Are East Mediterranean Gas Resources the Solution to Europe's Energy Crisis?

The Russian invasion of Ukraine more than 6 months ago has caused a dramatic spike in natural gas prices and caused repeated energy shocks in Europe. The EU has accused Moscow of using energy as a weapon, while Russia denies this and blames western sanctions for the drop in exports. After Russian state-owned company Gazprom announced a three-day shutdown of North Stream Pipeline 1, natural gas futures linked to TTF, Europe's wholesale gas price, increased sharply to EUR340 per megawatt hour due to supply fears. Gazprom, claiming that it has problems with its turbines, has already reduced flows through the Nord Stream pipeline to about 20 percent of its capacity.

As Europe has been desperately trying to find alternative sources to cover its energy needs, and as Gulf oil and gas producers have made it clear that they are unable to substantially increase their output and cover the energy shortfall facing the European continent, the European Union and individual countries have turned their attention to the Eastern Mediterranean gas finds.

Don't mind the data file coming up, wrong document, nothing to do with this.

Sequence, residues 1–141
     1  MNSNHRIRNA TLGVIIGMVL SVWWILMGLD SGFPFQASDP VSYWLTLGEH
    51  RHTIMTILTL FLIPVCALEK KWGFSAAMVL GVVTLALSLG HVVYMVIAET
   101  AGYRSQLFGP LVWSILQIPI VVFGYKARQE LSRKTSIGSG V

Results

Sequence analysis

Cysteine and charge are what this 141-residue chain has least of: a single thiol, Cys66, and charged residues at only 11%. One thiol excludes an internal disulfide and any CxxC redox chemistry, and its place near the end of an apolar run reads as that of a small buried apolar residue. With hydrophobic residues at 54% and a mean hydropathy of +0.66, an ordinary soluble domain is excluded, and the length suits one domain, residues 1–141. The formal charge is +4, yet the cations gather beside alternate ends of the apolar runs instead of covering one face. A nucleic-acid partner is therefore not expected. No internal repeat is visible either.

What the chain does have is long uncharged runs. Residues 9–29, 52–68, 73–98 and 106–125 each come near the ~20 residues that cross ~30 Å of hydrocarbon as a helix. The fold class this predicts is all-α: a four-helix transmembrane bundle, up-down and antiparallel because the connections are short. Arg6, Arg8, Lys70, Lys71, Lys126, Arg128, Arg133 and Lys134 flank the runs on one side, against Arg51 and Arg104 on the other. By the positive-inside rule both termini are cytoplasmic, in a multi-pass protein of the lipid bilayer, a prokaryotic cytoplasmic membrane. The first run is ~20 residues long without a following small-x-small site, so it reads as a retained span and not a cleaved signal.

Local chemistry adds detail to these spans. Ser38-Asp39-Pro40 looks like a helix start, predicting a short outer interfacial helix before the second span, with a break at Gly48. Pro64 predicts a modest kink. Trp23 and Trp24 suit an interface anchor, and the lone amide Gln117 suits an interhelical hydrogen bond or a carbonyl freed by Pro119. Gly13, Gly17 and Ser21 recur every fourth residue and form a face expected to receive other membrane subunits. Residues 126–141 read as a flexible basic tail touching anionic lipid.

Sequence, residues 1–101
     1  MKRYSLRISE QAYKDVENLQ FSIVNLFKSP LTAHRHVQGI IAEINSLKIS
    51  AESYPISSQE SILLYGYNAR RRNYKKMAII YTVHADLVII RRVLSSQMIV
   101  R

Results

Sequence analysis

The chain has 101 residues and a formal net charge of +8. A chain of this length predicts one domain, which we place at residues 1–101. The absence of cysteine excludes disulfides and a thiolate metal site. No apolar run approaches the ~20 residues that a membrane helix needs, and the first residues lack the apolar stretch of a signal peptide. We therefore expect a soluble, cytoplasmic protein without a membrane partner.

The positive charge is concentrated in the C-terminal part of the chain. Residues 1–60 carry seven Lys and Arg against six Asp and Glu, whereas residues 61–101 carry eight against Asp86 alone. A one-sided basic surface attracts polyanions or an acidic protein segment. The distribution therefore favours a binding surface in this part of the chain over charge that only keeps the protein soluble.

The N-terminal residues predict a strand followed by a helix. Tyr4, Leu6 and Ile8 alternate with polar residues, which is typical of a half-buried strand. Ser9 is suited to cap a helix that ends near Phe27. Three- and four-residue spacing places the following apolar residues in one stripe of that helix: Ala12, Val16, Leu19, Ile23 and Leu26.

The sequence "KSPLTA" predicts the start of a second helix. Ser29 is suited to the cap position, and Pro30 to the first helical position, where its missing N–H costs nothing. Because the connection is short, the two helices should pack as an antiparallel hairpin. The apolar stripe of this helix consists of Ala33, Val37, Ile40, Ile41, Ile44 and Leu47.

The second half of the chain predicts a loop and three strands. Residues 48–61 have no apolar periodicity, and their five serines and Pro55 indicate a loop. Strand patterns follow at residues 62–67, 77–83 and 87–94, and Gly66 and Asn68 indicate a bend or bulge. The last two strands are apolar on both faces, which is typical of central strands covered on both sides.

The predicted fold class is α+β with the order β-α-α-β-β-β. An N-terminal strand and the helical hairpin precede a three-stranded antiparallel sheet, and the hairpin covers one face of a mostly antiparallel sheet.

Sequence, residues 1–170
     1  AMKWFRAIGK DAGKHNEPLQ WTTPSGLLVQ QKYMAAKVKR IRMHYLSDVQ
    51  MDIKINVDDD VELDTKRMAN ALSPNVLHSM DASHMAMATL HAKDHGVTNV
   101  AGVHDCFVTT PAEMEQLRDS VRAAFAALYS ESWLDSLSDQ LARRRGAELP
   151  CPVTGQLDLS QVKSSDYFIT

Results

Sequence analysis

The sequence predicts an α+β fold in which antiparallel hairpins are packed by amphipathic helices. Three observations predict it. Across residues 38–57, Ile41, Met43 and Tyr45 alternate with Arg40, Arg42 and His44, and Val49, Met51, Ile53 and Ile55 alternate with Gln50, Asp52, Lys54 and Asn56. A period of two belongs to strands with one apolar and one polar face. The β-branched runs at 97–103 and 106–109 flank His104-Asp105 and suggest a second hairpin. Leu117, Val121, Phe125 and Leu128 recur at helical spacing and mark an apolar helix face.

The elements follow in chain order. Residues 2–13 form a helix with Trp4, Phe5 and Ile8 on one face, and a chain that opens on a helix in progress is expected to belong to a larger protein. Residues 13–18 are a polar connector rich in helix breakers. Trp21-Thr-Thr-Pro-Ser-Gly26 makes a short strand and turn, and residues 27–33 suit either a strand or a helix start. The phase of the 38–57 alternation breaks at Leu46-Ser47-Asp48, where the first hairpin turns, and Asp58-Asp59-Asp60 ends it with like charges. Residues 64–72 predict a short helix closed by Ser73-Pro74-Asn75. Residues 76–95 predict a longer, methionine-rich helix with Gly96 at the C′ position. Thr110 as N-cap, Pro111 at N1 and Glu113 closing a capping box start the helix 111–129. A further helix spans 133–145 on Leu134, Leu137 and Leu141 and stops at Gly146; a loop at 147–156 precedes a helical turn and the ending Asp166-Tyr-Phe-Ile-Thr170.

Significant quantities of natural gas were discovered in the Eastern Mediterranean mainly in Israel, Egypt and Cyprus in recent years and European leaders, who in the past did not give much attention to this, have now come to realize that the region can potentially become an alternative source to Russian gas for European countries, contributing to the diversification of Europe's energy supply route.

The sizeable quantities of offshore natural gas discovered in recent years within the Levantine Basin and further across the Eastern Mediterranean Sea can turn the region into an oil and gas production hub and supplier. Egypt, Israel, Cyprus, and more recently Greece, have at varying degrees developed their national...

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